Winter survey of homeless expected to be up from summer count |

Winter survey of homeless expected to be up from summer count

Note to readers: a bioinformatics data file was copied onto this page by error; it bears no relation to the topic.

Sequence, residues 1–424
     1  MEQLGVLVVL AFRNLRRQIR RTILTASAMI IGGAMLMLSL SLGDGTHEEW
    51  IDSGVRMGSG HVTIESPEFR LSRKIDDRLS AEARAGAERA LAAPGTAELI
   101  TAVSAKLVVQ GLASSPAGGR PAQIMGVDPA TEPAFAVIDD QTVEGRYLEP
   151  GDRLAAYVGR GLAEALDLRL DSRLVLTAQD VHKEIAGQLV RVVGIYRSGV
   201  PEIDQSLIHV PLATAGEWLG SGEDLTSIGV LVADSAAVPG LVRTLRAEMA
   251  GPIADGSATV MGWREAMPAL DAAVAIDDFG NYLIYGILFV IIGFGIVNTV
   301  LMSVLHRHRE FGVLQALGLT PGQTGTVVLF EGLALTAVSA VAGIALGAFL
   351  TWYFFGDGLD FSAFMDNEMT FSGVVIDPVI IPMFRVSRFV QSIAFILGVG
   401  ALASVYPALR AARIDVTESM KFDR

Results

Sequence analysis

DENVER Frigid weather in Colorado over the past month could boost the number of people considered homeless by as much as 15 to 20 percent over a count taken last summer, homeless advocates say.Some homeless people who did not show up in the summer count will likely be driven by the cold to seek basic services such as food and shelter, making them more visible, the advocates said.The summer count, taken Aug. 28 and released last month, found 11,890 homeless people statewide. More than 400 agencies, churches, nonprofit groups and volunteers in the state’s 64 counties helped compile the count.”I actually think we’ll see more, and up to 20 percent isn’t out of the question, primarily because there are not as many homeless people visible in the summer,” said Jennifer Walker, executive director of the Women’s Crisis & Family Outreach Center in Castle Rock.”More people are staying in shelters and accessing those services because of the cold,” she said.The number of homeless in rural areas is expected to decline from the summer count because fewer migrant farmworkers stay in agricultural areas during the winter.”They go to the city in the winter, and our busy season is traditionally in the summer and fall because of the harvest,” said Lance Cheslock, director of La Puente Home in Alamosa. “I expect we’ll see a 50 percent drop from our summertime count.”The Colorado Housing Division is leading a wintertime survey of the homeless population to help develop a statewide program aimed at reducing the problem. The U.S. Housing and Urban Development Department is also awaiting the survey as it decides how to distribute nearly $15 million in housing and shelter assistance in Colorado.Before last summer’s count, the last previous survey was in 1988 and found 3,367. It was done by the Colorado Coalition for the Homeless.

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